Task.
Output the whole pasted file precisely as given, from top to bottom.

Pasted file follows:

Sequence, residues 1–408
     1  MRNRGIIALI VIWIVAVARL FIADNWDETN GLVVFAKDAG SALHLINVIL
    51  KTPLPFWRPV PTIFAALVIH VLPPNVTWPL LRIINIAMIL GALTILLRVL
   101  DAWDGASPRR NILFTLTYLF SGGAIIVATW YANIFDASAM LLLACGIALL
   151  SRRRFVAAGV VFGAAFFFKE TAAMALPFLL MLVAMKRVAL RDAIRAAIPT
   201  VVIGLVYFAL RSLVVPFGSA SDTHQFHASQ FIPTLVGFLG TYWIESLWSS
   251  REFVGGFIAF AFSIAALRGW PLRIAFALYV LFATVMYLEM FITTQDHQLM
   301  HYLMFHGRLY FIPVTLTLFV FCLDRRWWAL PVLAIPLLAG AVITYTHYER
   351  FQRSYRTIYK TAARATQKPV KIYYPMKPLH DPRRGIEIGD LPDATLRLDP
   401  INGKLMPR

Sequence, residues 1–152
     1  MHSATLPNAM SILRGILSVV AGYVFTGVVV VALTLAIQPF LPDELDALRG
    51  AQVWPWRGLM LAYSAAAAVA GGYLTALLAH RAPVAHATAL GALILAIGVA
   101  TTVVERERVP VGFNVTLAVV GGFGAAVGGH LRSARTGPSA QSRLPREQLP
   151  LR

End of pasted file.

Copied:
Sequence, residues 1–408
     1  MRNRGIIALI VIWIVAVARL FIADNWDETN GLVVFAKDAG SALHLINVIL
    51  KTPLPFWRPV PTIFAALVIH VLPPNVTWPL LRIINIAMIL GALTILLRVL
   101  DAWDGASPRR NILFTLTYLF SGGAIIVATW YANIFDASAM LLLACGIALL
   151  SRRRFVAAGV VFGAAFFFKE TAAMALPFLL MLVAMKRVAL RDAIRAAIPT
   201  VVIGLVYFAL RSLVVPFGSA SDTHQFHASQ FIPTLVGFLG TYWIESLWSS
   251  REFVGGFIAF AFSIAALRGW PLRIAFALYV LFATVMYLEM FITTQDHQLM
   301  HYLMFHGRLY FIPVTLTLFV FCLDRRWWAL PVLAIPLLAG AVITYTHYER
   351  FQRSYRTIYK TAARATQKPV KIYYPMKPLH DPRRGIEIGD LPDATLRLDP
   401  INGKLMPR

Sequence, residues 1–152
     1  MHSATLPNAM SILRGILSVV AGYVFTGVVV VALTLAIQPF LPDELDALRG
    51  AQVWPWRGLM LAYSAAAAVA GGYLTALLAH RAPVAHATAL GALILAIGVA
   101  TTVVERERVP VGFNVTLAVV GGFGAAVGGH LRSARTGPSA QSRLPREQLP
   151  LR